Narratives and Artificial Intelligence

23 January 2018, 17:00 - 19:00

Seminar room SG1, Alison Richard Building

In collaboration with the Centre for the Future of Intelligence

Stephen Cave (Executive Director Leverhulme CFI)
Hopes and Fears for AI: Four Dichotomies

Sarah Dillon (CFI)
Displaying Gender

Kanta Dihal (CFI)

Beth Singler (CFI)
AI and Film

Chair: Satinder Gill (CIPN)


Hopes and Fears for AI: Four Dichotomies

Rarely has a technology arrived more pre-loaded with associations than the intelligent machine. We categorise those associations into four dichotomies of hopes and fears:

  • Ease / Obsolescence
  • Dominance / Subjugation
  • Gratification / Alienation
  • Immortality / Inhumanity

Stephen Cave is Executive Director of the Leverhulme Centre for the Future of Intelligence, Senior Research Associate in the Faculty of Philosophy, and Fellow of Hughes Hall, at the University of Cambridge. Stephen earned a PhD in philosophy from Cambridge, then joined the British Foreign Office, where he spent a decade as a policy advisor and diplomat. His research interests currently focus on the nature, portrayal and governance of AI. 

Displaying Gender

This paper will take a brief interdisciplinary and intersectorial look at the displaying and enacting of gender in artificial intelligence technology and the narratives surrounding.
Films: Ex Machina, Conceiving Ada.
Novels: M. John Harrison’s Empty Space. 

Sarah Dillon is University Lecturer in Literature and Film in the Faculty of English at the University of Cambridge. She is author of The Palimpsest: Literature, Criticism, Theory (2007) and Deconstruction, Feminism, Film (2018). Sarah is a Senior Research Fellow at CFI, where she is co-Project Lead on the AI Narratives project, with the Royal Society. Sarah is a public advocate for the importance of the Arts and Humanities and broadcasts regularly on BBC Radio 3 and BBC Radio 4.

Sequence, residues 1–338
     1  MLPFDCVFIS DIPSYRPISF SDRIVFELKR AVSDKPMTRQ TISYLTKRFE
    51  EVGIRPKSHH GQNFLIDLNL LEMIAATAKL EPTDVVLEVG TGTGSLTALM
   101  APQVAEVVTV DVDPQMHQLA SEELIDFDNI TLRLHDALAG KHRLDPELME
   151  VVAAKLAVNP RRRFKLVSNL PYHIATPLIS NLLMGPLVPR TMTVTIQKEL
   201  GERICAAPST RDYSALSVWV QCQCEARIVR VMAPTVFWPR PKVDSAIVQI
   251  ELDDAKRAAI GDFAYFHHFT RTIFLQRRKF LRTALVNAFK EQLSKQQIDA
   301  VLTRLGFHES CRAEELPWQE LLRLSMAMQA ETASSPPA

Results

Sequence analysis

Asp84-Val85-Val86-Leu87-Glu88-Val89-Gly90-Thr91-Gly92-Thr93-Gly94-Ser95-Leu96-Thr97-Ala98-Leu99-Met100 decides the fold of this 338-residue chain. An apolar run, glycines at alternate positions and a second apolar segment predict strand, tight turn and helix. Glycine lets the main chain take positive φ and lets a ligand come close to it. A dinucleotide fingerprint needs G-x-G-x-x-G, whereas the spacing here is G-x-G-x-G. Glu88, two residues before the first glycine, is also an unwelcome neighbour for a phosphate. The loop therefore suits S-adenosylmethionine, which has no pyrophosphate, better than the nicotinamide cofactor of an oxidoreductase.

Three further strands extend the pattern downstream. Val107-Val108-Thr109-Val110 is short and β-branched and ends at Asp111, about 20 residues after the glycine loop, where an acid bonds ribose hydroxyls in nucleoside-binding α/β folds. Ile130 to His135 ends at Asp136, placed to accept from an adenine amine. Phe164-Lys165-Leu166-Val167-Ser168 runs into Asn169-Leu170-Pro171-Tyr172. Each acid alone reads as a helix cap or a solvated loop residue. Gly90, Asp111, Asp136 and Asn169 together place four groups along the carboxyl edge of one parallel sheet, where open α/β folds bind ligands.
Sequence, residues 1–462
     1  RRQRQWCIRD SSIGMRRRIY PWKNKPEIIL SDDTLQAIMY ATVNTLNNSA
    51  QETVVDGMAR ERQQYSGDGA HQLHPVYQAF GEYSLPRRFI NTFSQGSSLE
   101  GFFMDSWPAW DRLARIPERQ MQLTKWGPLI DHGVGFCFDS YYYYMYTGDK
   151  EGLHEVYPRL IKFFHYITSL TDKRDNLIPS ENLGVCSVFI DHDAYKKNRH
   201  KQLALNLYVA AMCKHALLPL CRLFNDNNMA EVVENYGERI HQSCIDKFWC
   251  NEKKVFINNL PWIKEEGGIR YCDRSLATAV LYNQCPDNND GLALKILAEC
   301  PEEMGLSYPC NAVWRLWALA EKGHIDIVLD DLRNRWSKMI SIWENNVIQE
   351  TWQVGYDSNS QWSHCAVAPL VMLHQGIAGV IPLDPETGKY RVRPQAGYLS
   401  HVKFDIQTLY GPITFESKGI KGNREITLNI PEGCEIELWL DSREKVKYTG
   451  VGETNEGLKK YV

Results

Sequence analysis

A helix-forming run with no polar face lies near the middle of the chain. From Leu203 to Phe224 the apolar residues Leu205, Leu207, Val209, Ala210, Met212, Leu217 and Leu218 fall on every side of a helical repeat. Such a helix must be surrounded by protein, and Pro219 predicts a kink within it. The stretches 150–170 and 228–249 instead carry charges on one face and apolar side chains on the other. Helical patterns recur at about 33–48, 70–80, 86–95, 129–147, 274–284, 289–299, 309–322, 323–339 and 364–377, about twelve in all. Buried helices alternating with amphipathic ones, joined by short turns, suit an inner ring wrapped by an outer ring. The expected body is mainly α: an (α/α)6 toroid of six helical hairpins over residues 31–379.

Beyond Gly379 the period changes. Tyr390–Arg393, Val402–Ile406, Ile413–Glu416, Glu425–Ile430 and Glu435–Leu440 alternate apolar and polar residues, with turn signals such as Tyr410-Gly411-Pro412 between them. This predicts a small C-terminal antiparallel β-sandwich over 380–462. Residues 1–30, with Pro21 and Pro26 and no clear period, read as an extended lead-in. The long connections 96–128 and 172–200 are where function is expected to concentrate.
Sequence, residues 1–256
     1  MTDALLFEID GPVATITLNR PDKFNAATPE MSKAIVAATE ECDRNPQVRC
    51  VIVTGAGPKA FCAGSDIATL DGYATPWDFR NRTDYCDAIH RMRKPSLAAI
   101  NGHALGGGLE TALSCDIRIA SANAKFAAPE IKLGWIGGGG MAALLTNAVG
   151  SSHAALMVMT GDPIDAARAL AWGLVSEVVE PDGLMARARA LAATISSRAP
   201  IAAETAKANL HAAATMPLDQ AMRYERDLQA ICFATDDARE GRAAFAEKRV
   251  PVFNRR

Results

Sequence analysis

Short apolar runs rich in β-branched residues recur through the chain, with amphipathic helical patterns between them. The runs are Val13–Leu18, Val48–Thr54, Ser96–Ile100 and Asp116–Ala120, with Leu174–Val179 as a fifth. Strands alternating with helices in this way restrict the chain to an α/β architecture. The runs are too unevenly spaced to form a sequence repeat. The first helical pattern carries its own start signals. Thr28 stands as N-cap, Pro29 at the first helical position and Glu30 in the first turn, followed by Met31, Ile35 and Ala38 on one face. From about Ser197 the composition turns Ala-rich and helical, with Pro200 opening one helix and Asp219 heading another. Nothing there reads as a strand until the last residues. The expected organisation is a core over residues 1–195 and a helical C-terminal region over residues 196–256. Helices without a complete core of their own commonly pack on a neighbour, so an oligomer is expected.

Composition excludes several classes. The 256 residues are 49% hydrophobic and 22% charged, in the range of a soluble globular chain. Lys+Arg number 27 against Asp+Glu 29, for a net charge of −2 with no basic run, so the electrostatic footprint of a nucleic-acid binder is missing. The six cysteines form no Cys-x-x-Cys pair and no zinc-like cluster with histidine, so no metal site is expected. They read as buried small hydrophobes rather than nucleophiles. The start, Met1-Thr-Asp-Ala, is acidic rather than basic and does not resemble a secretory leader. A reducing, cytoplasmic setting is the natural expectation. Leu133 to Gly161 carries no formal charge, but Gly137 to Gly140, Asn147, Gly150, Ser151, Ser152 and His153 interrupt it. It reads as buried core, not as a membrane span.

Personhood has been attributed to objects from cars to computers to the Berlin Wall; the latter has even been married. At the same time, some humans have been denied personhood. This talk will explore the issue of personhood in the age of artificial intelligence, with the two robot figures of Sophia and Pepper as key protagonists… or objects of investigation.
TV series and films: Humans (UK)/Real Humans (Sweden); Ex Machina; 

 Kanta Dihal is the Postdoctoral Research Assistant on the AI Narratives project, and the Research Project Coordinator of the Leverhulme Centre for the Future of Intelligence. In her research she explores the public understanding of AI as constructed by fictional and nonfictional narratives. She has recently submitted her DPhil thesis in science communication at the University of Oxford, titled ‘The Stories of Quantum Physics.

AI and Film

Dr Beth Singler will talk about the series of four short documentaries she is making on AI and robotics at the Faraday Institute for Science and Religion, with help from the CFI, Arm, and Little Dragon Films. She will show the first half of Pain in the Machine, the first in the series and the winner of the 2017 AHRC Best Research Film of the Year award. She will discuss how the dissemination of accounts of artificial intelligence can rely on dominant narratives and she will reflect on science, fiction, her films, and their role in public engagement.
Pain in the Machine:
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Beth Singler is the Research Associate on the “Human Identity in an age of Nearly-Human Machines” project at the Faraday Institute for Science and Religion, where she is exploring the social and religious implications of advances in Artificial Intelligence and robotics. As an associate research fellow at the CFI she is collaborating on the Narratives of AI project, which is running in partnership with the Royal Society. Beth is an experienced social and digital anthropologist.


Satinder Gill is a Research Affiliate with the Music Faculty, based with the Centre for Music and Science. She is author of Tacit Engagement: Beyond Interaction (2015), editor of a forthcoming book on The Relational Interface: Where Art, Science, and Technology Meet (2018), and member of the Editorial Board of the AI & Society Journal since its establishment in 1987. 


Open to all.  No registration required
Part of the Cambridge Interdisciplinary Performance Network (CIPN), Seminar series

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